“Our model shows that these Atlantic volcanoes were spewing carbon into the atmosphere at the same time the Appalachians were removing it,” explains study co-author Mathew Saltzman. “For nearly 10 million years, the climate was at a stalemate. Then the eruptions abruptly stopped, and atmospheric carbon levels fell well below what they were in the time before volcanism. That kicked off the ice age,” he said.
Bear in mind that, when it is reported that CO2 levels plummeted, it was from levels not seen since that age. Estimates are that roughly half of the CO2 in the atmosphere was sequestered, leaving levels only 10 times today's. In more recent times, the only spike in atmospheric CO2 that compares was the Pliocene Eocene Thermal Maximum (PETM) around 56 mya. That event only elevated CO2 levels to 4 or 5 times modern levels.
[Image: appalachian_ash_line.jpg]
Volcanic ash from Appalachian volcanoes created the dark line in this rock formation in Tennessee.
Credit: M. Saltzman, Ohio State University.

Geologist Curtis R. Congreve of the University of Kansas, has called the End- Ordovician an ice age in the middle of a greenhouse. CO2 levels did not dip to modern levels until the formation of the great Carboniferous coal swamps around 300 million years ago, 150 million years after the End-Ordovician Ice Age (see my article “The Grand View: 4 Billion Years Of Climate ChangeWink. “What is really neat” about the current study, says University College London geochemist Graham Shields in the journal Science, is that it solves the long-standing mystery about the timing of the ice age and the end of the Ordovician (see “The Mountains That Froze the WorldWink. One idea was that the Appalachian volcanoes themselves sparked the big chill by spewing sun-blocking ash into the air. But that didn't jibe with the fact that the ice age started 5 million years after the eruptions stopped. The new study shows, Shields says, how the cooling effect “really kicks in” when the volcanism ends.
By the time humans first walked their slopes, the Appalachian mountains had worn down from prehistoric peaks over 16,000 ft (5,000 m) high to 6,500 ft (2,000 m) today. Today, the plant and animal life of the Northern Appalachians is still recovering from the last glacial period, which ended 10,000 years ago. The Southern Appalachians were never buried beneath the great ice-sheets of that frigid time, providing refuge for native species. Often spreading a couple hundred miles wide, the chain's north-south alignment allowed easy migration of animals fleeing the glaciers. Had these mountains been aligned east-west, like the European Alps, they would have presented a barrier to migration, a trap that would have ensured mass extinctions.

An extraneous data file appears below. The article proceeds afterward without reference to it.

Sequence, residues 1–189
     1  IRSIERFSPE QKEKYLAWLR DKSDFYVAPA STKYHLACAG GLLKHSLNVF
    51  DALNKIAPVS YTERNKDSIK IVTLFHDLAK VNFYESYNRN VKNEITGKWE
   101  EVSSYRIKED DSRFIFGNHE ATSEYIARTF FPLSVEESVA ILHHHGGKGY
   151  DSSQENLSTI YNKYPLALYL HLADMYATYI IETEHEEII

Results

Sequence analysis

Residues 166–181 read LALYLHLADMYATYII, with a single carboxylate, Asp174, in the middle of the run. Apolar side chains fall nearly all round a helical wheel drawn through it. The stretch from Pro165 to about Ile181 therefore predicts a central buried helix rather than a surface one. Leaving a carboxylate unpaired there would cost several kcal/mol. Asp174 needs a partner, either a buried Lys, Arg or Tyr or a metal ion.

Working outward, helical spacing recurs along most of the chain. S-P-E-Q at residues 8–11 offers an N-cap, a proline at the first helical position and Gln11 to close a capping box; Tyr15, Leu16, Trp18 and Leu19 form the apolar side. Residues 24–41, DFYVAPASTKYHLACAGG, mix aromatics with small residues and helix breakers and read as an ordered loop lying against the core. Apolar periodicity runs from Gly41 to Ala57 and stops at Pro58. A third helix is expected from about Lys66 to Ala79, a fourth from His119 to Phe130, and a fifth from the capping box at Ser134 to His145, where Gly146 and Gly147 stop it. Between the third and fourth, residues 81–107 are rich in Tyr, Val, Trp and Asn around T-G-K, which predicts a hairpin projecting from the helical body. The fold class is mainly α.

[Image: appalachian_map-220.jpg]
The Appalachian Mountains are a long system of mountains, stretching from Newfoundland in Canada all the way to Alabama in the southern United States. In my youth I hiked portions of the Appalachian Trail, a popular destination for nature lovers. Many make hiking the entire length of the trail a lifetime goal, which is a significant undertaking as the full trail in the United States is 2,174 miles long.
What lessons can be learned about climate change from events nearly a half billion years ago, when life on our planet was much different than it is today? To start with, the dramatic swings in global temperature during the last half of the Ordovician required massive amounts of CO2, some 20 times the amount in our atmosphere today. To generate that much CO2, our planet had to undergo one of the greatest volcanic outbreaks in the history of life on Earth. Mountain ranges were raised and then eroded, with their remains forming sediments at the bottom of the sea. Yet life carried on.
Granted, it would not have been pleasant to live through the events of 450 million years ago. They should serve as a reminder of the gigantic forces that are required to cause dramatic changes in the world's climate. Some have claimed that this study reinforces the notion that CO2 levels in the atmosphere are a major driver of Earth's climate. CO2 can cause global warming, but only at 10-20 times today's levels. Anyone who thinks that man's puny efforts can push Earth's climate system into irreversible and unprecedented change does not understand the history of our planet. Anyone who thinks that anthropogenic global warming caused by human CO2 emissions is a big deal need only gaze upon the worn down bones of the Appalachians, a mountain range once as tall and as rugged as the Alps, to understand mankind's insignificance.
Be Safe, enjoy the interglacial and stay skeptical.

"Two riders were approaching, the winds began to howl"
Visit this user's website Find all posts by this user
Quote this message in a reply
Post Reply 

Forum Jump:

User(s) browsing this thread: 1 Guest(s)